If you are considering buying a house, the first step is to determine whether or not it really makes sense for you to buy or continue renting.
With home ownership, there are no monthly rent checks or rules about wall paint or pets. And further down the road when you are ready to move on, you may be able to sell that house for a good profit. Renting, on the other hand, places most of the “headache” responsibilities on the landlord (e.g., fixing broken locks, pipes, and major appliances) and you have the freedom to move.
Yes, buying a house will probably be the most expensive single item purchase you ever make, and it may take you 15 to 30 years to pay off the mortgage loan. But if you wait too long, home prices will inevitably go up and you could unintentionally lock yourself out of the real estate market (if housing costs surpass your ability to earn and save money) and you may fall further and further behind.
There is no singular way to solve the “rent or buy” puzzle because everyone’s situation is different ― for some, renting is the best strategy and for others, it is smarter to buy. The key is to determine which is best for you and your current lifestyle.
As you contemplate purchasing a home, consider the following questions:
- Are you financially prepared? In order to buy a house, you will probably need to get a mortgage. In order to get the best mortgage, you will need a good credit score, steady/stable employment, and money for a down payment (20% is generally ideal). It is never a good idea to spend all your money on buying a home ― you will be much better off if you have extra savings and know how to manage your finances.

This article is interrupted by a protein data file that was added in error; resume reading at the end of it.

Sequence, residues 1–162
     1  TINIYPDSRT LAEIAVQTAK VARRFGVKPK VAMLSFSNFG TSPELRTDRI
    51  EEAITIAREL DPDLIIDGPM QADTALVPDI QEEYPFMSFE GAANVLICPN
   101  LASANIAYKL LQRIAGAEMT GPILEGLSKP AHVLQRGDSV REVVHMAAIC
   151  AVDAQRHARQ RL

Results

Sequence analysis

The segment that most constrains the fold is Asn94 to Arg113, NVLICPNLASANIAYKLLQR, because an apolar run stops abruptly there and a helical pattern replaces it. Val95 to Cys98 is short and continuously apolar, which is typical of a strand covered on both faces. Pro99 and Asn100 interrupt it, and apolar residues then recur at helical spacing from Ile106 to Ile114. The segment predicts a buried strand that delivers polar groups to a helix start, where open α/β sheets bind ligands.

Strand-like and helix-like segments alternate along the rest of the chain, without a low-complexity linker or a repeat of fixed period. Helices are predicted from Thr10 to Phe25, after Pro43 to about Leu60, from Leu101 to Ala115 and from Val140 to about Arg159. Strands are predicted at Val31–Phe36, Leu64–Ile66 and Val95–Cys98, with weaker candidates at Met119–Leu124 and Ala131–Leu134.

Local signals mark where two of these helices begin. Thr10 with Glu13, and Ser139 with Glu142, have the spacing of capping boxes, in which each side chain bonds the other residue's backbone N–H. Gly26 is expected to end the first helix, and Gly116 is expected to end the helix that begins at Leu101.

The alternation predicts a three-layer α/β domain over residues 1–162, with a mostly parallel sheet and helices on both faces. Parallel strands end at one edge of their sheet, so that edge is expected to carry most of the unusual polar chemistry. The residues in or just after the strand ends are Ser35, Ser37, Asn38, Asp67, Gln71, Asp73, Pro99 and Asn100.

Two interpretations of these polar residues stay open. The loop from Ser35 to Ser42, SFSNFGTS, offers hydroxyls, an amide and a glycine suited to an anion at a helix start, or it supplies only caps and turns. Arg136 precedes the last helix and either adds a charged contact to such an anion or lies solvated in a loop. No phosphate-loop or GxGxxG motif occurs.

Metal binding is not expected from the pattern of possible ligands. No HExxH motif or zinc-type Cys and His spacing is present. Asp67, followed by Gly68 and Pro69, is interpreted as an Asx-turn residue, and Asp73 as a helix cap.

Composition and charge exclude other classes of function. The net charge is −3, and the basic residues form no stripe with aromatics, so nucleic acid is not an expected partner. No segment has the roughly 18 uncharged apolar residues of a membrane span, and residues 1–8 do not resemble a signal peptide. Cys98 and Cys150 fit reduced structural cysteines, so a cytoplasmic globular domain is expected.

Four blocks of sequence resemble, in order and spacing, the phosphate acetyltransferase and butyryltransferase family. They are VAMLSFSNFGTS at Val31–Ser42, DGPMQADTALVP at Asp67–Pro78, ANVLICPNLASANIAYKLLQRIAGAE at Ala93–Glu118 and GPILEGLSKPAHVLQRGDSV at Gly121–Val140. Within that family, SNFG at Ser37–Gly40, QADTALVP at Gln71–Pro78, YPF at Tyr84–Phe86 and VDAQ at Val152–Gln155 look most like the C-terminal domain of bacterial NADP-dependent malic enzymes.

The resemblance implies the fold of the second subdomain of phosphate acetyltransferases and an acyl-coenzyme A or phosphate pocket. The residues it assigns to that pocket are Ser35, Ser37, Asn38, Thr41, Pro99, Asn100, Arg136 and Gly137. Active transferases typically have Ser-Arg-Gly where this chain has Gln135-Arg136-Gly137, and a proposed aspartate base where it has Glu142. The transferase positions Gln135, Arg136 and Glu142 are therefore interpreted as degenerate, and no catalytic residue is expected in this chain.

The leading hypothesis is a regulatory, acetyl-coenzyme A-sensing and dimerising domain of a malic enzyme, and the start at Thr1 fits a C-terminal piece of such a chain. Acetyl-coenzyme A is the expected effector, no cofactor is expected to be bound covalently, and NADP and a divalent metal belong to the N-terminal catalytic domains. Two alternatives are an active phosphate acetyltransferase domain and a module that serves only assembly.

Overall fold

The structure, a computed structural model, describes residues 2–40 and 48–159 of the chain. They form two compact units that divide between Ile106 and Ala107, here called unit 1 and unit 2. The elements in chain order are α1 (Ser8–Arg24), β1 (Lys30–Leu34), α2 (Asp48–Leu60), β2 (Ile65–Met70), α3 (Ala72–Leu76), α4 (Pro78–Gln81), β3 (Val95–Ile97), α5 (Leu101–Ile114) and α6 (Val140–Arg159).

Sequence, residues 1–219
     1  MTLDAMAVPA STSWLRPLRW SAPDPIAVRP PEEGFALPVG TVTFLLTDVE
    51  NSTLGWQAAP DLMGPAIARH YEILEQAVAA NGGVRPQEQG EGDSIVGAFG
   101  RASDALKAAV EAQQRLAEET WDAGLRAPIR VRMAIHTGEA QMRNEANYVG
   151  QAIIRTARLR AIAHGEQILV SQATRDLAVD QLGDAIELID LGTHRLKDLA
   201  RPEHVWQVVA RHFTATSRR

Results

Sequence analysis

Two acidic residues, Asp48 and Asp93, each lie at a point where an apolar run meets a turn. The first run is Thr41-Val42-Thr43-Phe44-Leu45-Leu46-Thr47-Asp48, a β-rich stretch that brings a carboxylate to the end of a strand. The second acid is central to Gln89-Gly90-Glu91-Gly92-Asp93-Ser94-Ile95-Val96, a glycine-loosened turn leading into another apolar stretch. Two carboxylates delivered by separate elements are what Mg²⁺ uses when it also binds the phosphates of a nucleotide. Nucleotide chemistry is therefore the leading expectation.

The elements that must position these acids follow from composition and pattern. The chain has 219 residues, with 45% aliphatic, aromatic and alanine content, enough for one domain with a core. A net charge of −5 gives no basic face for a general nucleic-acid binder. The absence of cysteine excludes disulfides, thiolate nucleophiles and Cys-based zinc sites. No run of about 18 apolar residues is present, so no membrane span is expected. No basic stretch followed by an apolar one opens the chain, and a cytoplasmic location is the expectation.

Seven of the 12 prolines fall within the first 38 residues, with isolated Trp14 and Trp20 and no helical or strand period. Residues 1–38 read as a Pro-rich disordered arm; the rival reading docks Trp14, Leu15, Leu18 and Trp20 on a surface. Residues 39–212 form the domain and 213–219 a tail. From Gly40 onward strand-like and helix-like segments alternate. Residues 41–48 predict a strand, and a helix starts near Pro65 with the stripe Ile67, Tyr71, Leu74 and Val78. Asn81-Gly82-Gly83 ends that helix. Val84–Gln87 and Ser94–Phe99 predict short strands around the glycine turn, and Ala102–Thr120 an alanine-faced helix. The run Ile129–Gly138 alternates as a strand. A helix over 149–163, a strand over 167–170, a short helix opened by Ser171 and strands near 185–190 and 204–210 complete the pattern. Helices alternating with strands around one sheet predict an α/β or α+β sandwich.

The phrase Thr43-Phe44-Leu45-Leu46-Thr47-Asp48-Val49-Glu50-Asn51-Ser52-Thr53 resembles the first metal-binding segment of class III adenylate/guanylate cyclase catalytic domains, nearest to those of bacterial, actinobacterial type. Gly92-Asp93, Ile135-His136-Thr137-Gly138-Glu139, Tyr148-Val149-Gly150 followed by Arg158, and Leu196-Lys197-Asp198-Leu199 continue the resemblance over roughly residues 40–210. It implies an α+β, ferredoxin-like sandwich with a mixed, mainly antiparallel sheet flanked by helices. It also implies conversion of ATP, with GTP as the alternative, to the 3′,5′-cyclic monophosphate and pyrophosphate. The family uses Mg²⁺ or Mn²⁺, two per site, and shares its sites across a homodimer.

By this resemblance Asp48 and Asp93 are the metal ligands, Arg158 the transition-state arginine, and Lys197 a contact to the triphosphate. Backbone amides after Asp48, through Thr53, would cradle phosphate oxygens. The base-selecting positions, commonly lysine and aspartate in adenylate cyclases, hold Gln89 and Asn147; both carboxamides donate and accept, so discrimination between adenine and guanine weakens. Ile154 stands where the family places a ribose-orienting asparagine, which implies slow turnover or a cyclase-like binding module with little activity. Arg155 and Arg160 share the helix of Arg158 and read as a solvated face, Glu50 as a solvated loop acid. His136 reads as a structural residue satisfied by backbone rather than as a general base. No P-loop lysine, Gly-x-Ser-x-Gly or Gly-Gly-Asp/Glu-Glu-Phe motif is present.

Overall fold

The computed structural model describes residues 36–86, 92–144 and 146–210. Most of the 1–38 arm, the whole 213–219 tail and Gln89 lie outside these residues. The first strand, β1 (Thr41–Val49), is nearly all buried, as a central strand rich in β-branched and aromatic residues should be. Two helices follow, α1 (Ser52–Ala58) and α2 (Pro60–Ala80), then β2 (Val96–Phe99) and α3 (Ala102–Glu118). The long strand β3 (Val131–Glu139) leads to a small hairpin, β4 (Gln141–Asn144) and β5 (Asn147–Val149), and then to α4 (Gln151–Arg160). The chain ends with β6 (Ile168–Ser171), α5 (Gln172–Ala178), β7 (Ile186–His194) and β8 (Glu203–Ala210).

- How long do you plan on living in your new home? If you can’t commit to staying in one place for five to seven years, then owning is probably not for you (at least not yet). In general, it can take four to six years (or more) for a home to appreciate in value ― if you sell any sooner, you will most likely end up losing money (due to the transaction costs of buying and selling, and/or capital gains taxes).
- Is it the right time to buy? Research home prices in the neighborhood(s) you’re interested in and stay informed about current mortgage rates. Whether it’s best to rent or buy in a certain location will also depend on the conditions of that particular housing market. The more you know, the more money you can save and the easier it will be for you to make smart decisions.
- Are you psychologically prepared? The home buying process can be stressful and there’s a lot of information to grasp. And once you graduate from homebuyer to homeowner, a whole new set of challenges await ― unexpected repairs, disrespectful neighbors, and the everyday responsibilities of maintaining a home. You’re going to have to do your best to be organized, refrain from making snap-decisions, and stay calm.
Use a Mortgage Calculator to Help Make Your Decision
A good way to address the “rent or buy” dilemma is to plug the numbers into a mortgage calculator. This allows you to compare the actual cost of renting to the cost of buying.
The general rule of thumb is that if you pay 35% less in rent than you would for owning, then it is better to continue renting. But keep in mind that owning a home can generate unanticipated expenses for repairs and improvements, and the results of the mortgage calculator should not be your only deciding factor.